French or Italian "twist dance”. Big hug to run without the feet touch the ground, spinning around. Early 19th century: Landler popular in Austria, forerunner of the waltz (1559). As of 1754, there was German Waltzen music.

Voodoo dance

ritual dance from Haiti. The quiver comes back into the Shake, hence to disco, salsa..

West Coast Swing

Californian, 30-40, many nimble footwork


Houston Swing, many turnings


Argentine handkerchiefs dance, originated in Peru in the 19th century from the Spanish fandango.

Zeven sprong

(7 jump) Netherlands (and Belgium), originally religious dance for Saint John. Later (round) folk dance

What makes this dance recognizable? What is typical, distinctive or characteristic?

Most sensual of Latin Dances. The lady makes typical oscillations of the head (and hair).


Somebody That I used to know - Gotye
Rise and fall - Sting and Craig David
I'm yours - Jason Mraz


Zouk would be the word for party' in the Kweyol (French Creole).

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Zouk state except for Creole for celebration also for the sound systems that are used at parties.

French dictionary “Le Petit Robert" gives the following definition of the word Zouk: 'A very rhythmic music and dance style from the Lesser Antilles (Guadeloupe and Martinique), which has become known from the '80s ''. The famous Martinican percussionist Henri Guédon indicates that during the 60s the word "Zouk" referred to popular places where people danced. The columnist Michel Thimon is looking at the same angle. According to him, Zouk signified originally a kind of improvised ''Ballroom'' where people came together on Saturday to dance the "lafouka' (a very sensual dance) to the rhythm of popular bands. Others see the word Zouk as a contraction of the word Mazouk, which is nothing else than the Creole dance the mazurka. The etymological origin of the word Zouk continues to this day to be surrounded by mystery. Another origin of the word is found in the Congolese word " Zoka ", this means movement of the body.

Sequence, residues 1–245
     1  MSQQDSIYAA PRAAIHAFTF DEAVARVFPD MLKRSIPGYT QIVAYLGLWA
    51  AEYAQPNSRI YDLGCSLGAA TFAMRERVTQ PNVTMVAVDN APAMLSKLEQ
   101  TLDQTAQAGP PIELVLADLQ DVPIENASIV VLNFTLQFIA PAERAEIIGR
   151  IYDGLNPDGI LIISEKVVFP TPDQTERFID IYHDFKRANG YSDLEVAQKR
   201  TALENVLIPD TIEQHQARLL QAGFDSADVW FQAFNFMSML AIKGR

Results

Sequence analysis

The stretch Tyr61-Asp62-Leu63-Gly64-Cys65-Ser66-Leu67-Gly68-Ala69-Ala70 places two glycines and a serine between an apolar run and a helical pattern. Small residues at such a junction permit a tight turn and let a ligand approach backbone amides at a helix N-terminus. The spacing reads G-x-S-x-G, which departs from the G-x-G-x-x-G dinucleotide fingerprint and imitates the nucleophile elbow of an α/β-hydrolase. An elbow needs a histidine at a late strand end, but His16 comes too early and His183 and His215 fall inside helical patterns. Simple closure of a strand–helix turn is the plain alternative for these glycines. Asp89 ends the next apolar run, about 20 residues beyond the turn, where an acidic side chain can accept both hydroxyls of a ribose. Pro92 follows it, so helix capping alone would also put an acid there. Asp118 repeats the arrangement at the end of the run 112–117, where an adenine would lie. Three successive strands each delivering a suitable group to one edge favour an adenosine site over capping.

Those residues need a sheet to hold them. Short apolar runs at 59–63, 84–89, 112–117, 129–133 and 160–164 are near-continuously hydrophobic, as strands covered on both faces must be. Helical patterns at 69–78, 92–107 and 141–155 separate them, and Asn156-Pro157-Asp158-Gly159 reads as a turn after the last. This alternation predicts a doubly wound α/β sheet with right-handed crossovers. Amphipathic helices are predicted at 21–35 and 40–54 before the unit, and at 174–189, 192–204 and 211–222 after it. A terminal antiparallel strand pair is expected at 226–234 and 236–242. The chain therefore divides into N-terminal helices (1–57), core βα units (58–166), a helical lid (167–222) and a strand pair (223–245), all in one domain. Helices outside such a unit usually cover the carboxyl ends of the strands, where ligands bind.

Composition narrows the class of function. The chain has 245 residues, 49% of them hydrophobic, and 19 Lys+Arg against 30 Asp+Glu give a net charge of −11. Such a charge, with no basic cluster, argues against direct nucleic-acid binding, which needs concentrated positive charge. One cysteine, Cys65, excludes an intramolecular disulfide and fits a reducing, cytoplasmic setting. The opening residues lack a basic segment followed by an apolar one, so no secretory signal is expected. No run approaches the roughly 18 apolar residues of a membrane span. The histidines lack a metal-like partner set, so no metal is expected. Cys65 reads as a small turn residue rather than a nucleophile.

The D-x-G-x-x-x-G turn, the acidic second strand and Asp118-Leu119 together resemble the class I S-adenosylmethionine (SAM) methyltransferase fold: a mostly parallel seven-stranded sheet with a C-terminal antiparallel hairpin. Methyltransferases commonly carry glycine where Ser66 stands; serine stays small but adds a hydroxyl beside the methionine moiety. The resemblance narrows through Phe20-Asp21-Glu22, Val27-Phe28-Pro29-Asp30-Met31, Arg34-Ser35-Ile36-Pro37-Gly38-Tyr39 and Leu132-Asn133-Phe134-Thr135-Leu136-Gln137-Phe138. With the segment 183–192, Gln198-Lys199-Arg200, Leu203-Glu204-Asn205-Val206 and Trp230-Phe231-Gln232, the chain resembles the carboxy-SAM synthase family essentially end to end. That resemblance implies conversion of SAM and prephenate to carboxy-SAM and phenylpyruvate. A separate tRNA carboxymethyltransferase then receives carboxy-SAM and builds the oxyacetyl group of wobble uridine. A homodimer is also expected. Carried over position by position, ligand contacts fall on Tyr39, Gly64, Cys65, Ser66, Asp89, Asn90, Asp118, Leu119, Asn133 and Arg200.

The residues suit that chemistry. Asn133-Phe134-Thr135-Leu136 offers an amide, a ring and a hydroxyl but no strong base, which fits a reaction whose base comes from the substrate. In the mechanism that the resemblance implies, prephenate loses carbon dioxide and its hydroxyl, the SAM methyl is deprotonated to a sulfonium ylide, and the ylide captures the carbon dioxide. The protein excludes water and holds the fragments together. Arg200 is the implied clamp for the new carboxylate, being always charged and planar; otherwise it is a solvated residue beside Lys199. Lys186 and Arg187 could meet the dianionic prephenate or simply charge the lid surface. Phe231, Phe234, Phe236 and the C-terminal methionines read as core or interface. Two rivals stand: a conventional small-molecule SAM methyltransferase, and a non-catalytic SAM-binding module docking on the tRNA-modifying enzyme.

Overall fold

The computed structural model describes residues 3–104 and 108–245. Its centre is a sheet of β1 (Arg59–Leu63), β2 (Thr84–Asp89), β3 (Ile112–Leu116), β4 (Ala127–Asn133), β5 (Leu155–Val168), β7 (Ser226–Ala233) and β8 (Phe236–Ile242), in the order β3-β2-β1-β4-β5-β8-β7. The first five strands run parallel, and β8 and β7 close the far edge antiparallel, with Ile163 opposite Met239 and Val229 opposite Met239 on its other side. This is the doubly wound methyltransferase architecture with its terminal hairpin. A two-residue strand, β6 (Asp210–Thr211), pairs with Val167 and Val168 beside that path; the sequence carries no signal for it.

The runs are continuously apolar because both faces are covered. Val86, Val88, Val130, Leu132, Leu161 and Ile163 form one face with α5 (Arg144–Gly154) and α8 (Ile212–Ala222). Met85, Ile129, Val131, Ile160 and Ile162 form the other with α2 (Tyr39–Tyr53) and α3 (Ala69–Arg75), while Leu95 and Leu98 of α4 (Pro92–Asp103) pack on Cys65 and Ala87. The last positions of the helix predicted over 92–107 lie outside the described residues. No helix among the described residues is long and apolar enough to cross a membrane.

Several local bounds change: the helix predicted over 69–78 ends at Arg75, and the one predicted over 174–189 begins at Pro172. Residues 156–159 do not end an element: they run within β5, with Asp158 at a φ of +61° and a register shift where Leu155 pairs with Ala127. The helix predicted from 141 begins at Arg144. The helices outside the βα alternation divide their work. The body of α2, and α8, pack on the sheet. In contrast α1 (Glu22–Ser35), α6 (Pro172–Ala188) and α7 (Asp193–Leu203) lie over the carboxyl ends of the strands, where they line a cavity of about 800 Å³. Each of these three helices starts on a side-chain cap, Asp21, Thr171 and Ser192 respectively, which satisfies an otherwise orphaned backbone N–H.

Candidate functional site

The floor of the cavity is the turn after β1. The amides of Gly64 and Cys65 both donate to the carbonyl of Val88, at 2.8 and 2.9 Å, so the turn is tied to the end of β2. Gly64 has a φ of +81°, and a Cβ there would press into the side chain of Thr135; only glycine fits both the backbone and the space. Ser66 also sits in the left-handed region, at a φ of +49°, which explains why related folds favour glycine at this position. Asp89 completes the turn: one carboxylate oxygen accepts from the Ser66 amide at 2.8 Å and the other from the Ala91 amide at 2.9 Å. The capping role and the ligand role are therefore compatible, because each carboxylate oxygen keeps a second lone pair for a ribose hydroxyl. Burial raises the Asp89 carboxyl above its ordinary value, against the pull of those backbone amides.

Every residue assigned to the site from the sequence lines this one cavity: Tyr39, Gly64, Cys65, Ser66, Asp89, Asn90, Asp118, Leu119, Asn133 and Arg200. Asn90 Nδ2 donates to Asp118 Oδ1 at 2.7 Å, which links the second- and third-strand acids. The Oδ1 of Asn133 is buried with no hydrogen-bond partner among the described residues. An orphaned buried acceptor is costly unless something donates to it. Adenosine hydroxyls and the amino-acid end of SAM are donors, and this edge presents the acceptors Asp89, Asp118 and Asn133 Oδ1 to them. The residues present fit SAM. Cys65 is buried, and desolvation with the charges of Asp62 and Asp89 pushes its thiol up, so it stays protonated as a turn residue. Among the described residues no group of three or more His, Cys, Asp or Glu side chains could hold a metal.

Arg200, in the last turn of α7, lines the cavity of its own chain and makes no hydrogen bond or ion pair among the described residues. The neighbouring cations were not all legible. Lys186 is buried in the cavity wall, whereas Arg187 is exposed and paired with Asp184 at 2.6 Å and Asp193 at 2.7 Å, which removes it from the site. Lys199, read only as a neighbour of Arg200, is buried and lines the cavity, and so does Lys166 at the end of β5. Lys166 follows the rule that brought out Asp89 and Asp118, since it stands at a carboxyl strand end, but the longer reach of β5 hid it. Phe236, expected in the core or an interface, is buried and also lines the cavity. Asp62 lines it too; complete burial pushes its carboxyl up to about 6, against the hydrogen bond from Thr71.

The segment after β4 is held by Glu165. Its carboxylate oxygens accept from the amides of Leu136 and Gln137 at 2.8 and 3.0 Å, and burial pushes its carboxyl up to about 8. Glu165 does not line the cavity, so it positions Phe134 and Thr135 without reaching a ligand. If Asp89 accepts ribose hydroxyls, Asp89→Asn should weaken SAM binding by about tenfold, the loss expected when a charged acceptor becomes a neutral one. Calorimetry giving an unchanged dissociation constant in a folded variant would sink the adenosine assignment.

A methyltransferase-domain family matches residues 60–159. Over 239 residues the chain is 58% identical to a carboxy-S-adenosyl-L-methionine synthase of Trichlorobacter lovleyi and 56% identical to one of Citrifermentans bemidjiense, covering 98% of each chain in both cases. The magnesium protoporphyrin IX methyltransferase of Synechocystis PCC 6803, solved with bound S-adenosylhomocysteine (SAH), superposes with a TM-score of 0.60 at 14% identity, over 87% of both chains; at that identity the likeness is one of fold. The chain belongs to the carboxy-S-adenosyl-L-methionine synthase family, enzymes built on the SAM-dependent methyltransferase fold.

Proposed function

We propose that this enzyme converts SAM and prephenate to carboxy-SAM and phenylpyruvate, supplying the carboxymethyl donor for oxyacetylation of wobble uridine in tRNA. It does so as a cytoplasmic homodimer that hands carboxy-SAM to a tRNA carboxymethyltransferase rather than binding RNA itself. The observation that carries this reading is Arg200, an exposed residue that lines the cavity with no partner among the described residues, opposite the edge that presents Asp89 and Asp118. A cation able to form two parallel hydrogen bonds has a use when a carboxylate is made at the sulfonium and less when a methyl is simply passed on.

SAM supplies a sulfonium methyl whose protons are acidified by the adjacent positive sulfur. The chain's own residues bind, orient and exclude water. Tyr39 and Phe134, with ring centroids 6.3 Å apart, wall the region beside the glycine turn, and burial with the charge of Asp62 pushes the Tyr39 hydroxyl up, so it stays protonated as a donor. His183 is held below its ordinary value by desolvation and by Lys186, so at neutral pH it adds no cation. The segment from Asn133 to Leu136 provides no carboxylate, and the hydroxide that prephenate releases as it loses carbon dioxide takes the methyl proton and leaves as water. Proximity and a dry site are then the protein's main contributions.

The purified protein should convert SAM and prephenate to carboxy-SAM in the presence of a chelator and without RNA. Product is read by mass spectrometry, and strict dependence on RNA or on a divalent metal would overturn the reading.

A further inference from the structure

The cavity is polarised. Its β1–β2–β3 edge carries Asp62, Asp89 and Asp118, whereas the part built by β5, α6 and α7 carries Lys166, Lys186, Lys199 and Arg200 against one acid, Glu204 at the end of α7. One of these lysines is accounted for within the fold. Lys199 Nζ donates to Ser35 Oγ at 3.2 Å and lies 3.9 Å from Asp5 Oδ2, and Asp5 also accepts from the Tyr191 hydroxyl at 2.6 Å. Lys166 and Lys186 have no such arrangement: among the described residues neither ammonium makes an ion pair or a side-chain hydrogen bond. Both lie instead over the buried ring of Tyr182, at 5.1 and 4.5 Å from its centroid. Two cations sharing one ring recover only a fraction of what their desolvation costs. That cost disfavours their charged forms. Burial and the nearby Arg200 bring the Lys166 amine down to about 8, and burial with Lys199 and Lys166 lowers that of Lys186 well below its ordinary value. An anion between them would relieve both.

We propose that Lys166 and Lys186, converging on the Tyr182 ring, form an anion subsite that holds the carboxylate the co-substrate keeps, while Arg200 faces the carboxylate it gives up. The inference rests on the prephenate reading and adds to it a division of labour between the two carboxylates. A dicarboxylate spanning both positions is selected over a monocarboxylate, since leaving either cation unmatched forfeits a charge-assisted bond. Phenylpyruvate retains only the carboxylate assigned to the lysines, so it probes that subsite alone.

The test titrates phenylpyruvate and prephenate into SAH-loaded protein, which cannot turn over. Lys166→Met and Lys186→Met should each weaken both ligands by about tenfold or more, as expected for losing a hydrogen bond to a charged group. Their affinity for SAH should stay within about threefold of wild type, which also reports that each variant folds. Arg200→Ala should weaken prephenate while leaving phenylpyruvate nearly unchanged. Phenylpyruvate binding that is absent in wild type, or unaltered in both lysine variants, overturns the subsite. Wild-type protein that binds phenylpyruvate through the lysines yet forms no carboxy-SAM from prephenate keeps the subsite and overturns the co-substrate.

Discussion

(See also: Lambada)

Zouk is the folk music of the French Antilles, that mixed various Caribbean musical traditions with African guitar styles, calypso and reggae. The French Antilles are formed by two countries, Guadeloupe and Martinique. They know in Zouk their most popular music. There are two types of zouk: extremely danceable Chiré (also called concrete) and the ballad form zouk -love.

Roughly between 1950 and 1980 has been developed for dancing and partying their own kind of music from a mix of various Caribbean styles, such as the compass of Haiti, reggae, calypso, African rhythms and its own carnival rhythms on drums of Guadeloupe (gwo ka) and Martinique (tambour and bamboo).

For a form of folk music it is remarkable that zouk usually developed with electric instruments and in the recording studio. The music is usually played with wind instruments, synthesizers, guitar, bass, and a wide variety of percussion instruments. Nevertheless, it is a key feature of zouk music that it not sounds crowded, like many other Caribbean genres do. That's because not all instruments are used simultaneously. And variation is often obtained by processing sound, as is done in dub. Although there are plenty of bands nowadays are usually inexpensive electronic instruments used for the rhythms and melodies. The singers and / or singers sing, in the studio or live on stage, there over. In the eighties, the zouk rhythm was the most popular 'exotic' element within the western pop.

Because of the past colonial life there are many original inhabitants of the French Antilles in France. Kassav, the zouk most popular band on the islands, has always operated even from Paris.

Zouk in the Caribbean

Zouk music genre is magnified in the first instance by the band Kassav (70’s). Their first album was "Love and Ka Dance'. Originally Zouk is a typical Caribbean music genre sung in Kweyol (Creole French). The rhythm of the Zouk has its roots in music such as Cadence, Kompa and Soca. Also in Brazil has Zouk become popular, but under the name Kizomba, perhaps under the influence of Portuguese-speaking African countries.

Other well-known names in the zouk world are Zouk Machine, Edith Lefel, Stephane Nichols.

Description of the dance